Halfway through its construction and renovation projects, the New Haven Public Schools system needs more money.
Gov. M. Jodi Rell placed eight of the 10 construction projects originally approved for budget increases by the City of New Haven on a priority list to be approved by the state legislature during its spring session. The two sites left off the list — the Cooperative Arts and Humanities High School and Benjamin Jepson Multi-Age School — may be approved separately by the legislature during the spring, or may wait for the 2007 priority list, School Construction Program Coordinator Sue Weisselberg said.
“We have regular conversations with the state,” Weisselberg said. “We will re-file in the fall for both [schools].”
The projects are part of the City Wide School Construction Program, a renovation initiative that launched in 1995. Weisselberg said the legislative pre-approval process is essential to the construction projects, because the funds expended by the city will only be reimbursed up to the amount pre-approved by the state senate.
Construction costs have increased since the legislature’s original approval due to an unexpected rise in steel costs and design changes implemented to upgrade the plans, Weisselberg said. Ward 10 Alderman Edward Mattison said the number of construction projects currently being executed simultaneously in New Haven, including the extensive renovations on the Yale campus, have also contributed to rising building costs.
“We have no mechanism for making our construction projects all fit together,” Mattison said. “I think we are in a period of construction inflation costs over a long term.”
Mattison said the estimated cost increases submitted for Cooperative and Jepson may not have been approved by the governor because the estimates were not supported by complete proposals. He said the exclusion from the list is not particularly significant for the projects’ future approvals.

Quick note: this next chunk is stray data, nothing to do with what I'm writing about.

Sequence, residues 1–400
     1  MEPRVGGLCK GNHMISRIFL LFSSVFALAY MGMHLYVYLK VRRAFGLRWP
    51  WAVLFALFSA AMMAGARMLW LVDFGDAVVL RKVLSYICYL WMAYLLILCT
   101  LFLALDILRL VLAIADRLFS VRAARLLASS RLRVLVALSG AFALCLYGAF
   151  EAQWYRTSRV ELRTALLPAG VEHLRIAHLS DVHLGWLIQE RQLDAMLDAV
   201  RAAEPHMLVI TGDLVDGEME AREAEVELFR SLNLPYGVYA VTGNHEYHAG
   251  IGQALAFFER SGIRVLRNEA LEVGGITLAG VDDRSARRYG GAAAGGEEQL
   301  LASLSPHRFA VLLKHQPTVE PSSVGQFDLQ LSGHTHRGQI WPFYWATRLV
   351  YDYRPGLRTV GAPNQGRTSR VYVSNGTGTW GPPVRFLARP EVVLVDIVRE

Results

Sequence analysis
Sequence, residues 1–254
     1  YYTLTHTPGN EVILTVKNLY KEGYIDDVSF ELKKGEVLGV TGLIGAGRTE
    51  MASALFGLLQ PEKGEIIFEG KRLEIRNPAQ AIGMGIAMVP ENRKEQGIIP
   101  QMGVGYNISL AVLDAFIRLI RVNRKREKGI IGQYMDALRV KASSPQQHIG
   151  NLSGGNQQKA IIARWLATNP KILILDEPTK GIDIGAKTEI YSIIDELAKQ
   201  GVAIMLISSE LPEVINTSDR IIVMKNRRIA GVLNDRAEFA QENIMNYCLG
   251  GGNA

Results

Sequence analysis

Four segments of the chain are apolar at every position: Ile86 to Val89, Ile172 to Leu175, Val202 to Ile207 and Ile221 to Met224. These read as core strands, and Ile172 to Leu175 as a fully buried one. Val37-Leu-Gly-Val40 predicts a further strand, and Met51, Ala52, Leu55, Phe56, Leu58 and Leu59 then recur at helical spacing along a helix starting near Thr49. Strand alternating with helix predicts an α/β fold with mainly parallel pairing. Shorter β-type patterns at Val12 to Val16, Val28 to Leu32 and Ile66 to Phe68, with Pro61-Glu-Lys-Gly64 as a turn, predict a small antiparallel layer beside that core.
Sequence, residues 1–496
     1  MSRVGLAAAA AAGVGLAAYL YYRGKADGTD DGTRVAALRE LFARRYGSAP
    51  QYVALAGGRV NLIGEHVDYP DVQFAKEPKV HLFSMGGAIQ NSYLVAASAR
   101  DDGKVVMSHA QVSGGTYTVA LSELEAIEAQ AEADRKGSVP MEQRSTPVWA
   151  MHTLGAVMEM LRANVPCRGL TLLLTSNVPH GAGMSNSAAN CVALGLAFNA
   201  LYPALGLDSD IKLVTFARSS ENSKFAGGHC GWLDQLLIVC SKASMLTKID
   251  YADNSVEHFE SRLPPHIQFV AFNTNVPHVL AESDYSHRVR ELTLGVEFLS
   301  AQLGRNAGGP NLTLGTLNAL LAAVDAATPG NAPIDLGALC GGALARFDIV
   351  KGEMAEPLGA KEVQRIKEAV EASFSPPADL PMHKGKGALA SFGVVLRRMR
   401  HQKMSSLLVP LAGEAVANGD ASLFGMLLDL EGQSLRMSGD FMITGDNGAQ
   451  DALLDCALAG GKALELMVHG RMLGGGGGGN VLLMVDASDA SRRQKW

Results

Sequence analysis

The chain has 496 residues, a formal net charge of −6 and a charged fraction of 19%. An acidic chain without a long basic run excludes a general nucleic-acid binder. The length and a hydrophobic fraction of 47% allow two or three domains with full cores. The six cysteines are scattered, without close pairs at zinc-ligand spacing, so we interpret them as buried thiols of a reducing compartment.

Rell could not be reached for comment.
State Sen. Leonard Fasano ’81, a Republican from North Haven, said he is skeptical of the necessity of the New Haven schools’ grant increases. He said he is concerned about the accuracy of the enrollment numbers quoted in the NHPS requests, and said he would like to see more detailed data explaining why the projects are running over cost in order to ensure the city uses the money responsibly after the grant’s approval.
“The state just walks away, and we leave it to the towns to make sure the money is used adequately,” Fasano said. “I think we need more accountability.”
The governor’s priority list will be presented to the legislature during the spring and is likely to be passed, David Wedge, manager of the state Department of Education’s school facilities unit, said.
“Historically, the legislature has authorized new commitments or changes to existing commitments,” Wedge said.
But Fasano said he wants to see numbers proving that the grant increases are necessary before supporting the requests for increased funding. Such grant increases are often bundled into one bill with many other items, Fasano said, which may influence whether or not he will approve it.
The City Wide School Construction Program has committed $500 million to the renovations since its inception, making it the largest school construction program in the state and one of the largest per capita in the nation.